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The Power of Javascript: Basic Concepts


The best way to learn any programming language is by practice. Javascript is not an exception to this rule, so we will introduce a lot of code in the articles of this series. In this article, you will be introduced to the very basic concepts of the Javascript language. We discuss comments, keywords, identifiers, statements and the semicolon, case sensitivity and white spaces. Note that our examples at this time are limited and we will focus more on the concepts, but after a few articles we are going to discuss many examples on each concept.

Author Info:
By: Michael Youssef
Rating: 4 stars4 stars4 stars4 stars4 stars / 30
July 05, 2005
TABLE OF CONTENTS:
  1. · The Power of Javascript: Basic Concepts
  2. · Javascript Comments
  3. · Javascript Statements
  4. · Keywords
  5. · Identifiers
  6. · White Spaces and Case Sensitivity

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The Power of Javascript: Basic Concepts - Javascript Comments
(Page 2 of 6 )

Comments are descriptive text that is ignored by the interpolator, which we use to comment our scripts. Comments in Javascript take two forms. The first form is a comment that takes one line. You use two forward slashes for it (//) followed by your comment, like the following:

// the firstValue is a location in memory that
// stores the value 10

Note that in this example the comment has spanned two lines, so we needed two forward slashes at the beginning of each line. As you can see, the whole line is used for the comment, but you can put your comment after the Javascript code line, as in the following line:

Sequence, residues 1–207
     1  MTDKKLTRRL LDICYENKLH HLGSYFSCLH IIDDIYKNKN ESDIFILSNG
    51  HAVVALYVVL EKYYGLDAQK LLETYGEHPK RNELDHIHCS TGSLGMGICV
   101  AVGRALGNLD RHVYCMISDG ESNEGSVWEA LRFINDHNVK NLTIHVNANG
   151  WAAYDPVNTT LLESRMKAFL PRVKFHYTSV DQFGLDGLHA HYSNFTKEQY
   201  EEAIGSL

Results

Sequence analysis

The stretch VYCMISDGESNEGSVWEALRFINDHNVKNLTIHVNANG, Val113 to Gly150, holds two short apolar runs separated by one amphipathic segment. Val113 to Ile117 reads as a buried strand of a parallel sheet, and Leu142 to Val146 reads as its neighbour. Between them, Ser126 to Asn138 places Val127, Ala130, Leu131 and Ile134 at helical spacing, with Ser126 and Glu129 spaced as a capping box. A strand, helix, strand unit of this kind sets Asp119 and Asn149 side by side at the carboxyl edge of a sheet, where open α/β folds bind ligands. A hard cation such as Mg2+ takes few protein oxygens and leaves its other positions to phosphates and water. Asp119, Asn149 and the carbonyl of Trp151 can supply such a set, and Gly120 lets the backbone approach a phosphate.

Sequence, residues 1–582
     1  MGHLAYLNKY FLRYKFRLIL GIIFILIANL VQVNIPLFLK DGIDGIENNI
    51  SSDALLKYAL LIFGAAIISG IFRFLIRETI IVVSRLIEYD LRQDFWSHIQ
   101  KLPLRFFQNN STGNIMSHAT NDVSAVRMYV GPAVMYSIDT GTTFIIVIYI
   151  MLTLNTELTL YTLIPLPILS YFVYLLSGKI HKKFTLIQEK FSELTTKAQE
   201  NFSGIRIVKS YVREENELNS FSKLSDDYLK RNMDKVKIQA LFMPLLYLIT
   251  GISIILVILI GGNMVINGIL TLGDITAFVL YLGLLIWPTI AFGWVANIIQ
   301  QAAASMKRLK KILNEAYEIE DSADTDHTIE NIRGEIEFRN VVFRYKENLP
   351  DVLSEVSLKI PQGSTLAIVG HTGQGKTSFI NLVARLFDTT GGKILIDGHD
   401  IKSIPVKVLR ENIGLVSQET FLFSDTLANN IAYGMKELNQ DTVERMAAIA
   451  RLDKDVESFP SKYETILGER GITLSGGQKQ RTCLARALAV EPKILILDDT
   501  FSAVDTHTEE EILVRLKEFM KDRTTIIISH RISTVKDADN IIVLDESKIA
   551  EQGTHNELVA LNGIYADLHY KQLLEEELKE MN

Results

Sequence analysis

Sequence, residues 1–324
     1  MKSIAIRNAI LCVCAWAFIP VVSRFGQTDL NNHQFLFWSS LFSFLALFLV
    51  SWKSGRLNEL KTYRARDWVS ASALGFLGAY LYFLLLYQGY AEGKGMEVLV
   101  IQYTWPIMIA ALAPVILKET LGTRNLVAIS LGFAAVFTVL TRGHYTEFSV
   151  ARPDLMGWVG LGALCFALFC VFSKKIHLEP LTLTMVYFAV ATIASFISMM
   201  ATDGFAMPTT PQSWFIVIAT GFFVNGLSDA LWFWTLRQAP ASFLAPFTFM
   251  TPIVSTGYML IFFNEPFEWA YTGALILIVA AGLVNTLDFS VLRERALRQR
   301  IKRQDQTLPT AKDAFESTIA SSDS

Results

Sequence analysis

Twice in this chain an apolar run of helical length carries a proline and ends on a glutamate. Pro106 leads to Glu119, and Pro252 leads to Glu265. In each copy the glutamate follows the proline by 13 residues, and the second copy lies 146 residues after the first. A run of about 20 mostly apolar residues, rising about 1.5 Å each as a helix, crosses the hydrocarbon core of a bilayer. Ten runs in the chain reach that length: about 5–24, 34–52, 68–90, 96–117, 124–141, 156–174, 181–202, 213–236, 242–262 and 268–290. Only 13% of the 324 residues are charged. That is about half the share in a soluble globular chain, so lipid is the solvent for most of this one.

var secondValue = 23; // the secondValue is another location in memory that stores the value 23

The second form of the comment you can use is the multiple line comment, which you define by using a forward slash followed by an asterisk (/*), and end using an asterisk followed by a forward slash (*/). All of the lines between those symbols are considered a comment, like the following:

/* Comments, Keywords, Identifiers,
Case Sensitivity, White spaces and statements*/

Also, it can be written like this:

/*
Comments, Keywords, Identifiers,
Case Sensitivity, White spaces and statements
*/

At first you may not appreciate the importance of including comments in your scripts, but when you gain enough experience to write complex Javascript, you definitely will need to comment. Imagine that you have written a very important script for your company's website and after one year your manager asked you to modify the functionality of the script to do something else. You will open your script and may ask yourself "Why did I write the script this way?" and find that you don't remember. You may spend many hours trying to understand why and how your wrote the code that way.

To give another possible situation, say you wrote the script and after one year, while you are on vacation, your manager asked your co-programmer to modify this script. He will spend more hours than you to try to understand your code. So for you and for anyone else who might use your code, it's better to include comments in your scripts; that way, when you come back later you understand what's going on. You (or anyone else who needs to modify the code) can just read the scripts and comments and easily do what needs to be done.

However, when you are done with your script, it's better to remove the comments from the Web page (to minimize the page size and thus save bandwidth). You can write your scripts and save them in a Javascript file (with the extension .js), and name it after the Web page or any other name to remind you that this script is written for that page. In this file you can comment your code as much as you want, then you can copy the script (without the comments) into the Web page.


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